Rain, harvest, equities, oil, and USDA updates
A variety of drivers have been in the market's collective conscious that are pushing and pulling prices, this week.
Weather has been disruptive to harvest progress in the U.S. and Canada for the last few weeks. Rain and snow (in more northern areas) are limiting farmers' ability to get in fields and get crops out. In parts of Illinois, standing water in fields will be an issue into next week while snow in parts of the Canadian Prairies are holding canola and pulses hostage.
Also adding to market volatility is the drop in stock values. While a direct line to commodity prices is difficult to draw, one can point out that commodities are often used as a hedge for inflation and a drop in equity markets on the back of an interest rate hike could lead to some added volatility in the months ahead if positive market outlook begins to shift.
Crude oil markets have been lower, this week. While a technical downtrend has not come in place yet, if the price decline continues, look for pressure on some agriculture products. On the flip-side for energy, President Trump announced this week that E15 blended gasoline would be available year-round, delivering on a campaign promise to farmers.
Lastly, the U.S. Department of Agriculture released updated supply and demand estimates, showing large supplies of corn, wheat, and especially soybeans. Heading into mid-October, attention remains on trade relationships with China (for both the U.S. and Canada) and harvest conditions, which are expected to improve in the coming week.
Wheat markets remain range bound. The U.S. Department of Agriculture showed a slight increase in U.S. supplies while global stocks tightened. Lower output from Australia and Russia led to a drop in global stocks of 2.5 million metric tons. Additional concerns are lingering over the market that Russia will curb exports using its quality watch group. On the bearish side, conditions for planting winter wheat in the U.S. are very good with all of the recent rains.
Durum prices are unchanged from a week ago. There has been little to drive prices in the last couple of months, even as harvest came and went. The U.S. Department of Agriculture is holding ending stocks for U.S. durum basically unchanged from a year ago at 36 million bushels.
The canola market briefly pushed above the 500 Canadian dollar resistance point, but a rally could not be sustained. The turn in the soybean oil market pulled canola futures back down. The U.S. Department of Agriculture showed huge supplies of soybeans and the lack of resolution with trade with China continues to be a lag on all fats and oilseed markets. Even though this trade policy could favor additional canola business for Canada, the overall fats pressure cannot be ignored. Weather remains mostly unfavorable for canola harvest to finish up in Canada. Saskatchewan's canola crop is just 52 percent harvested compared to 92 percent a year ago.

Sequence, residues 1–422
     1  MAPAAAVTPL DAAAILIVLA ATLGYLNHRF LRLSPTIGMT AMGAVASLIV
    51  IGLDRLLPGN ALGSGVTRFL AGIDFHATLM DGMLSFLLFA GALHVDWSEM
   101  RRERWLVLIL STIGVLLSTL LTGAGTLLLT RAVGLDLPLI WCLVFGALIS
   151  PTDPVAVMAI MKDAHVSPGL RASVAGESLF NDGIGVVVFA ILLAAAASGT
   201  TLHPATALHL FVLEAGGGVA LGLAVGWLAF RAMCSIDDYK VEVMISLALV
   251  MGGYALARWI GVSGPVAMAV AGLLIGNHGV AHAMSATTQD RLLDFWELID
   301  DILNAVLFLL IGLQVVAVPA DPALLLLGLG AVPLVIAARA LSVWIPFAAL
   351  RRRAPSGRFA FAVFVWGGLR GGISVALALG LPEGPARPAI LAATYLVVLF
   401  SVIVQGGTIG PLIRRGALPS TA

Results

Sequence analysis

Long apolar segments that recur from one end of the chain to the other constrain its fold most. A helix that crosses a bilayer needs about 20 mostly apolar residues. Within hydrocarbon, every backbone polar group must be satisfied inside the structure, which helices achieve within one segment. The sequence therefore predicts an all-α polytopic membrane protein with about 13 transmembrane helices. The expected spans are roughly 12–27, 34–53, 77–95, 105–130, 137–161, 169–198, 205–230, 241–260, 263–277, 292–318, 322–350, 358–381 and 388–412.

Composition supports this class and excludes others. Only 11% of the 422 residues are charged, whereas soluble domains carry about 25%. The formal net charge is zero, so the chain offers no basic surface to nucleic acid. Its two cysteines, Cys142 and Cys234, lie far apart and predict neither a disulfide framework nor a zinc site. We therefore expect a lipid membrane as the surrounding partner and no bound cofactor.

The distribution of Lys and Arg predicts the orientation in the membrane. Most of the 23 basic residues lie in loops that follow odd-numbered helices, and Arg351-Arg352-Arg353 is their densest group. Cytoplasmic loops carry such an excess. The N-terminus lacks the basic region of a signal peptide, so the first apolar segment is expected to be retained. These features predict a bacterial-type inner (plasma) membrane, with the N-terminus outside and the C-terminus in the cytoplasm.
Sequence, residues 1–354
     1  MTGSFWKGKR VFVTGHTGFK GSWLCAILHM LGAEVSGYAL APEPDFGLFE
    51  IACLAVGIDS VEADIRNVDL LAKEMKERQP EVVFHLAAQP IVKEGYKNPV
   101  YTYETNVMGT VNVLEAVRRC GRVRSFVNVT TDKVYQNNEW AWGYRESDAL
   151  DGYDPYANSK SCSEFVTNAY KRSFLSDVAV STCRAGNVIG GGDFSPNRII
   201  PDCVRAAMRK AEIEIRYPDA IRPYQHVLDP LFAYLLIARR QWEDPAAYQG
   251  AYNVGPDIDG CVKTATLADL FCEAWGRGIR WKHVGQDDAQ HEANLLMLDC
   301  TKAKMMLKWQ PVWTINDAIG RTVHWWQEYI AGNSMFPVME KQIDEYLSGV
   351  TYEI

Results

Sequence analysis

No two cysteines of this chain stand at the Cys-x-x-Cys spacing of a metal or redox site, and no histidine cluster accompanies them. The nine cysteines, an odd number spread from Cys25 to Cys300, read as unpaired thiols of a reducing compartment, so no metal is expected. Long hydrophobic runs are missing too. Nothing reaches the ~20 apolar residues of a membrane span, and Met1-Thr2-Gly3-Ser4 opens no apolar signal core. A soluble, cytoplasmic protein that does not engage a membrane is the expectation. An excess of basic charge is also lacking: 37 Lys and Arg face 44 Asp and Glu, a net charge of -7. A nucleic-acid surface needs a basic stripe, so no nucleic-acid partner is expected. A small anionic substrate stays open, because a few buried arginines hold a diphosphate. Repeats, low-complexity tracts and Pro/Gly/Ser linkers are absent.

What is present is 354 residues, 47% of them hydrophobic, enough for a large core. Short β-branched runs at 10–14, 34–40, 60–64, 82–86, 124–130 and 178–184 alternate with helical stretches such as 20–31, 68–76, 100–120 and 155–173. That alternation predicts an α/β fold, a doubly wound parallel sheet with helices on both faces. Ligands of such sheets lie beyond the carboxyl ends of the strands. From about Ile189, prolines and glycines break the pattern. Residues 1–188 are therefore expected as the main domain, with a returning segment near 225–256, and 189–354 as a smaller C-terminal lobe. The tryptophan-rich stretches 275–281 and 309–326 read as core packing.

Peas and lentils
Lentil exports have been strong to start the new crop year. Data from the Canadian Grains Commission show exports through reporting terminals exceeded a year ago by a huge margin. On the flip-side, pea exports have been off to a slower start.
Harvest remains slow for the remaining mustard seed crop due to poor weather. However, yield reports suggest that the crop could be bigger than initially forecasted by Statistics Canada, as long as it can get out of the ground. Just 76 percent of the crop was harvested at the start of October compared to 91 percent for the average pace and 98 percent a year ago.
The monthly U.S. Department of Agriculture supply and demand estimates saw a drop in output for the 2018/19 barley crop. Yield fell to 77.4 bushels per acre from 76.3 in the September report. Feed usage was also increased by 5 million bushels. As a result, ending stocks fell to 88 million bushels from last month's 96 million bushel carryout estimate for the 2018-19 crop.